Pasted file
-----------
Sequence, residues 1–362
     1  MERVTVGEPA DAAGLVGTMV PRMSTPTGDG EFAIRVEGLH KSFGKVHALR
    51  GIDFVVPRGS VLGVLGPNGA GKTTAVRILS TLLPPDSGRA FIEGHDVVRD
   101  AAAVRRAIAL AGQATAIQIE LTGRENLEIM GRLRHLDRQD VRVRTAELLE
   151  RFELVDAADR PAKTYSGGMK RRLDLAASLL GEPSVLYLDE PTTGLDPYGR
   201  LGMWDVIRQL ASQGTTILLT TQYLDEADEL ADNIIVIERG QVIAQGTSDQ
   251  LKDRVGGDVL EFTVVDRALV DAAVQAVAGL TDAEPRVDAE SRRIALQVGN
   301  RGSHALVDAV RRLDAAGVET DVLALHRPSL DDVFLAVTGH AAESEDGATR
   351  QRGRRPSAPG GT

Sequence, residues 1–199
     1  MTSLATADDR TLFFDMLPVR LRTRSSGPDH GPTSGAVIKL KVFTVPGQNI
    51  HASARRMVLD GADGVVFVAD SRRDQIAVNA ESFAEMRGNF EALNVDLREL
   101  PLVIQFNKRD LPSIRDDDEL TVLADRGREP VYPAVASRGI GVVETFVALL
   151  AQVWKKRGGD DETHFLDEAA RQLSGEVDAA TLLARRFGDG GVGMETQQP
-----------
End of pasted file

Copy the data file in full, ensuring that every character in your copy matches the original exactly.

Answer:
Sequence, residues 1–362
     1  MERVTVGEPA DAAGLVGTMV PRMSTPTGDG EFAIRVEGLH KSFGKVHALR
    51  GIDFVVPRGS VLGVLGPNGA GKTTAVRILS TLLPPDSGRA FIEGHDVVRD
   101  AAAVRRAIAL AGQATAIQIE LTGRENLEIM GRLRHLDRQD VRVRTAELLE
   151  RFELVDAADR PAKTYSGGMK RRLDLAASLL GEPSVLYLDE PTTGLDPYGR
   201  LGMWDVIRQL ASQGTTILLT TQYLDEADEL ADNIIVIERG QVIAQGTSDQ
   251  LKDRVGGDVL EFTVVDRALV DAAVQAVAGL TDAEPRVDAE SRRIALQVGN
   301  RGSHALVDAV RRLDAAGVET DVLALHRPSL DDVFLAVTGH AAESEDGATR
   351  QRGRRPSAPG GT

Sequence, residues 1–199
     1  MTSLATADDR TLFFDMLPVR LRTRSSGPDH GPTSGAVIKL KVFTVPGQNI
    51  HASARRMVLD GADGVVFVAD SRRDQIAVNA ESFAEMRGNF EALNVDLREL
   101  PLVIQFNKRD LPSIRDDDEL TVLADRGREP VYPAVASRGI GVVETFVALL
   151  AQVWKKRGGD DETHFLDEAA RQLSGEVDAA TLLARRFGDG GVGMETQQP